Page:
Expect ‘tension’ when the Dalits seek to gather and remember a martyr. And whenever or wherever they seek to assert themselves and claim their rights? Dalit assertion is abnormal and disruptive, but caste oppression is normalized as ‘caste-sensitivity’. Over the years, mainstream discourse around Immanuel Sekaran’s memorial has tried to insinuate that it is ‘tension-ridden’. This has helped feed anxieties over ‘security’, and thereby paved the way for a militaristic response, every year, to this annual assertion of democratic rights, or more accurately, this annual assertion of the right to claim democratic rights

How much ‘tension’ was created at Raj Ghat or how many shots were fired at Ram Lila maidan recently when bigots of various hues, shapes and sizes gathered there? The police were not even allowed to carry lathis, we’re told. Expect peace whenever and wherever the savarnas and their upper shudra acolytes gather. Even if it is to express open and unbridled contempt for India’s parliament and constitution. From the redoubtable Parivar to outfits like ‘Krantikari Manuwadi Samaj Dal’: the media and the self-anointed alternative media found none of them disruptive or sources of ‘tension’.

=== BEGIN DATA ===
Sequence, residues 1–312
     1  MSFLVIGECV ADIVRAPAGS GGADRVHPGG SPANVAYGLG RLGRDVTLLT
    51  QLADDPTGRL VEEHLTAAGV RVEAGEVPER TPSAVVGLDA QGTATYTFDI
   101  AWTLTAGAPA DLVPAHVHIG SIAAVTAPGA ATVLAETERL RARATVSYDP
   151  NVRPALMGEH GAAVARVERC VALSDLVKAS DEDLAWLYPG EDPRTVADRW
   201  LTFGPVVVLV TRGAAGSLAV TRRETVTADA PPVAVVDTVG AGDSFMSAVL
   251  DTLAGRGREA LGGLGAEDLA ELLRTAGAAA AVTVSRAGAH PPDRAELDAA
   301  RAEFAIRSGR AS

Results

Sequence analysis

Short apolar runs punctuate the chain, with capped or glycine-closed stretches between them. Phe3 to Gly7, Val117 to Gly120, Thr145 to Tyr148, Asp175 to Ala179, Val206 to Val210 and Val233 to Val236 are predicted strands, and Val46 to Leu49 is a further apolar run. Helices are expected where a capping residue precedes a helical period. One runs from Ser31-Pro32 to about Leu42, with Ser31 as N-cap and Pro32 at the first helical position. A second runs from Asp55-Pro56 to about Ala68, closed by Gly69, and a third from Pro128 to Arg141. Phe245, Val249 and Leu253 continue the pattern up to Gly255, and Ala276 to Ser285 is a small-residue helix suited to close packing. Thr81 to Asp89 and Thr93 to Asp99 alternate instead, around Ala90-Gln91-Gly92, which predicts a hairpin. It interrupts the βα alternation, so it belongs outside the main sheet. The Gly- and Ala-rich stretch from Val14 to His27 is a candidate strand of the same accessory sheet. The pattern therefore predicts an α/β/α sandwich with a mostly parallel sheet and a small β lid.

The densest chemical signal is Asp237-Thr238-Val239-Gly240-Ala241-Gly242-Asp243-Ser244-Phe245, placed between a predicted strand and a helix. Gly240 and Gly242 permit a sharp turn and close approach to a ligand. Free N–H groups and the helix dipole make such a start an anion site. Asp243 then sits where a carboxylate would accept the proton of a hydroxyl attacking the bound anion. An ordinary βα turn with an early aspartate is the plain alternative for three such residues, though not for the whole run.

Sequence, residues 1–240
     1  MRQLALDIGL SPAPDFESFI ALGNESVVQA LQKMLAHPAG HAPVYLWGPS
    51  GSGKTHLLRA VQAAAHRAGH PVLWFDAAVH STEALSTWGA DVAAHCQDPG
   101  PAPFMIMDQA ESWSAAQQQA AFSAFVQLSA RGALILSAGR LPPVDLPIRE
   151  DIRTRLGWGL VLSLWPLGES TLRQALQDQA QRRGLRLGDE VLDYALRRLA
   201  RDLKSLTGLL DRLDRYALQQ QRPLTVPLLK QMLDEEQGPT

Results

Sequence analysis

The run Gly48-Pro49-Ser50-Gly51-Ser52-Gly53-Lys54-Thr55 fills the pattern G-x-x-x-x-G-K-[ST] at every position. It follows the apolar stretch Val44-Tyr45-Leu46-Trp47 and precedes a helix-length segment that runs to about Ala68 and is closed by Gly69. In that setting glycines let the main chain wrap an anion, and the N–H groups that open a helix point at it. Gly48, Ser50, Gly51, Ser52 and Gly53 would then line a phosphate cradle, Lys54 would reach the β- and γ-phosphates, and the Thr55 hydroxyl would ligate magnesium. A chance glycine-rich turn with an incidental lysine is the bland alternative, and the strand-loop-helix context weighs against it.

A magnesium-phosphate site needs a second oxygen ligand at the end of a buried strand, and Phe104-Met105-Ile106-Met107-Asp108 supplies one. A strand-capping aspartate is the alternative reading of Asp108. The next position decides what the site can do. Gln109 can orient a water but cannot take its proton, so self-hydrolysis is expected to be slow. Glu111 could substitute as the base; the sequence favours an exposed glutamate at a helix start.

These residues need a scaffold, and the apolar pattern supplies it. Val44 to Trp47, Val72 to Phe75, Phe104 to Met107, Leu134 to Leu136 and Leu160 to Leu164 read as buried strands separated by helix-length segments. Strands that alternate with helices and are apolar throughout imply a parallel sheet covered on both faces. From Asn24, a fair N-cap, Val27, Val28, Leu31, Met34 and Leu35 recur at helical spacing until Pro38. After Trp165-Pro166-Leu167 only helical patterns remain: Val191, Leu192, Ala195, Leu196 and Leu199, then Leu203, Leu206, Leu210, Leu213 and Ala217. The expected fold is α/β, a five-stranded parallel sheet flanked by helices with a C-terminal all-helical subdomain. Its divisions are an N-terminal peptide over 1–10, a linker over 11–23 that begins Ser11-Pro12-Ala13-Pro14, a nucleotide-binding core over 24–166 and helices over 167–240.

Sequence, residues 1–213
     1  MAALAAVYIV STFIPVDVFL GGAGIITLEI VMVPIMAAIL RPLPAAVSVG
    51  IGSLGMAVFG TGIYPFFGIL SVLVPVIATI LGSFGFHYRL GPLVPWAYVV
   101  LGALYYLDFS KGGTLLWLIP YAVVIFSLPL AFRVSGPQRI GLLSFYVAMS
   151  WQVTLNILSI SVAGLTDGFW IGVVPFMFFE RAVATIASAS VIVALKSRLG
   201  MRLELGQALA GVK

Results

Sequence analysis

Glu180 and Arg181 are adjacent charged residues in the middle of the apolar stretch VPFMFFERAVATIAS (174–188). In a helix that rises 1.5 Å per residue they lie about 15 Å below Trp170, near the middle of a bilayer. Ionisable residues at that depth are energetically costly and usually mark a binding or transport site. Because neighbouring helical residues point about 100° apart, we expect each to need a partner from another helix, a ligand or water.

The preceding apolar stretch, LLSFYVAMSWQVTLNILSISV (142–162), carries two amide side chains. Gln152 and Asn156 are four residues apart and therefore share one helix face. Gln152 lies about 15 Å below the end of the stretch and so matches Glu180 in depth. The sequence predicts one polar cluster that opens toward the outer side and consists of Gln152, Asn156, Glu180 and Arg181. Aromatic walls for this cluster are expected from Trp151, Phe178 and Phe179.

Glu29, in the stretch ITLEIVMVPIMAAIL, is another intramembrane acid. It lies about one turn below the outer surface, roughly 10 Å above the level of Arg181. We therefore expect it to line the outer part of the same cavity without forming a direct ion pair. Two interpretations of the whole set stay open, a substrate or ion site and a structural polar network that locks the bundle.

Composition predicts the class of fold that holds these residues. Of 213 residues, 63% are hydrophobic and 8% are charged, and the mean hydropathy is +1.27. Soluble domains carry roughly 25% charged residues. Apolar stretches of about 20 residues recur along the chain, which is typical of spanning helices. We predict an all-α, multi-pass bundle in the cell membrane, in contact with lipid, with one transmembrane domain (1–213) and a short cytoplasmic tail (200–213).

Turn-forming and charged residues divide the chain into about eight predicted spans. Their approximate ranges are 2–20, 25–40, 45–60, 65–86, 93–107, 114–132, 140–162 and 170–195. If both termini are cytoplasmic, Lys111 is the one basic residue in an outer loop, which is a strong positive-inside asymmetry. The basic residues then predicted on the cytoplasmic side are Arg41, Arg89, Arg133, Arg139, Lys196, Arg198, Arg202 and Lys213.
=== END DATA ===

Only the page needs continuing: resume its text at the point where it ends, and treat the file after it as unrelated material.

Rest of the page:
Much ground was prepared before these killings. Lakhs have gathered every year in Paramakudi, on that particular day, to observe Thyagi Immanuel Sekaran’s death anniversary. Over a million were expected this year. Over a million people from the most marginalized section of the country. People who found in Immanuel Sekaran’s example enough inspiration and courage to stand upto the everyday denial of rights through the rest of the year. Paramakudi could only have been a source of peace for them, the ‘tension’ was all of the oppressors’ making.